Farewell, My Queen
George Braziller, 2003 (2003)
Reviewed by Nina de Angeli
he palace of Versailles today - with its tranquil gardens, glittering Hall of Mirrors, and stately royal apartments - is a popular tourist destination a short drive from Paris. But what did it feel like to live there at the court of Marie Antoinette and Louis XVI during the upheaval of the French Revolution? You don't need to be a royalist sympathizer to be enthralled with this novel (translated by Moishe Black) about the tragic Queen Marie Antoinette.
arewell My Queen
won the Prix Femina. Chantal Thomas is a French historian, also author of a biography of Marie Antoinette. This novel is narrated by Mme. Agathe Laborde, a subordinate lady in waiting whose only function is to read to the queen a few times a week, sometimes in the middle of the night if Her Highness suffers from insomnia. Agathe worships the beautiful queen, and lives only for her brief times reading to her. The rest of the time she wanders idly around the grounds, chatting with her friends, listening for political rumors, and fending off the rats and insects that infest the vast palace.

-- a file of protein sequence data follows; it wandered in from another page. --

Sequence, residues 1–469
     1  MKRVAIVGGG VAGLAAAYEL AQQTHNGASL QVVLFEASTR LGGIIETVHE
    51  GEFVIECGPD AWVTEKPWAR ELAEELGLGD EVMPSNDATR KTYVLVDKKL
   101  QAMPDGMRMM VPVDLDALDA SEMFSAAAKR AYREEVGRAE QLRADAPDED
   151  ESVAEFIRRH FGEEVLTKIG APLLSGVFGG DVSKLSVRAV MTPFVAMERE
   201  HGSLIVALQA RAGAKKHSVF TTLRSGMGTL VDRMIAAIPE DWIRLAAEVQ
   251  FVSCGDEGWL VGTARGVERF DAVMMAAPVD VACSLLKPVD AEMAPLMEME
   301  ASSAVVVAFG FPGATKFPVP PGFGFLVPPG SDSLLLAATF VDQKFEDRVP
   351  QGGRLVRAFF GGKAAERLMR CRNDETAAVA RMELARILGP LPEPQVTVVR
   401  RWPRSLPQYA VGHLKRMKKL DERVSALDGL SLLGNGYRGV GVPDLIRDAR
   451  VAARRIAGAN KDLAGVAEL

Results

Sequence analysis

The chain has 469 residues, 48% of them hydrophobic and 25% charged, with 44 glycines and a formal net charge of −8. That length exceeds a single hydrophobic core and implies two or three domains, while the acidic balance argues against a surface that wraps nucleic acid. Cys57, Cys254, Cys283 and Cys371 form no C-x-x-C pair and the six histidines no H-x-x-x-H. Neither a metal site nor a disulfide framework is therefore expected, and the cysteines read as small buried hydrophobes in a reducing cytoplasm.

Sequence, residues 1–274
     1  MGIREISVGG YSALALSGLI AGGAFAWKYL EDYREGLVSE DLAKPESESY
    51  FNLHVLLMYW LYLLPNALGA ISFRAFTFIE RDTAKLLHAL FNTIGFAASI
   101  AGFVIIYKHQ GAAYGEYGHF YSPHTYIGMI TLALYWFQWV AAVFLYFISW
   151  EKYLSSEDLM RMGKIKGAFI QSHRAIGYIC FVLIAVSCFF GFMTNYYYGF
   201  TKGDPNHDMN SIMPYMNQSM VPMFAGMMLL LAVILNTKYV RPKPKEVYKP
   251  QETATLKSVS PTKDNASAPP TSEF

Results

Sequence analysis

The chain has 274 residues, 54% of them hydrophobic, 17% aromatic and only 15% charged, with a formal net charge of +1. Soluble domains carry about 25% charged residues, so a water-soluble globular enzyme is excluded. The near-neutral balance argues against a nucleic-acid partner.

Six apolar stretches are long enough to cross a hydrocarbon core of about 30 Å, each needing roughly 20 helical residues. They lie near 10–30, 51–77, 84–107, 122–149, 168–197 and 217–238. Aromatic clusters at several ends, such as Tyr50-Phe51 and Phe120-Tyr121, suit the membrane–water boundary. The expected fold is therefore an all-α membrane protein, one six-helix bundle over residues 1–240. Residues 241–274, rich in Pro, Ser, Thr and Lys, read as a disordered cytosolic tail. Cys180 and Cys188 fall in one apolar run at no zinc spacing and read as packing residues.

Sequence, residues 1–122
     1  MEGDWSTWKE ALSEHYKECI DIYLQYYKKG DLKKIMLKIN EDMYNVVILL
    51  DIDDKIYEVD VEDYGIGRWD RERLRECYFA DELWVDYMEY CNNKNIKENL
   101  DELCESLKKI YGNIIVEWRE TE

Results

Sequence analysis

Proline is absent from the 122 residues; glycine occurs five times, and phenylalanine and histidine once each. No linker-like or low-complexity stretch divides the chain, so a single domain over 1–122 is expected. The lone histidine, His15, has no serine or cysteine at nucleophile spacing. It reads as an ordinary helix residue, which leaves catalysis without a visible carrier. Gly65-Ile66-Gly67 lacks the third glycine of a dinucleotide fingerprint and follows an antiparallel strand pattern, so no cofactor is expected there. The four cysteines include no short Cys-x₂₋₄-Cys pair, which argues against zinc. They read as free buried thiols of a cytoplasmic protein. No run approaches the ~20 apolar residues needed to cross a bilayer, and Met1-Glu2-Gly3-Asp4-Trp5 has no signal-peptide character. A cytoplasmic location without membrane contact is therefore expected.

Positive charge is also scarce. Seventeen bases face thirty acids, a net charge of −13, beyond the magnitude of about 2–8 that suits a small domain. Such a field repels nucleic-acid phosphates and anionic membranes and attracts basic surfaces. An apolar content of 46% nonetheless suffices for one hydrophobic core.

n this highly original take on a familiar story, Chantal Thomas vividly reconstructs the physical and emotional details of court life. Agathe is politically naive, deeply cocooned in the luxurious, make-believe world of Versailles. So it comes as a complete shock to her and most of the other courtiers on July 14, 1789, when news arrives that a Paris mob has invaded and destroyed the prison fortress of the Bastille - an event now commemorated as the start of the French Revolution. At Versailles, servants mock their former masters, the national assembly dictates terms to the king, and the old order crumbles with amazing speed.
racefully translated and smoothly written,
Farewell My Queen
is structured around the crisis, taking place in just three days from July 14th to 17th. A prologue and epilogue show Agathe in old age, exiled with the French émigrés in Vienna and mourning her lost queen.
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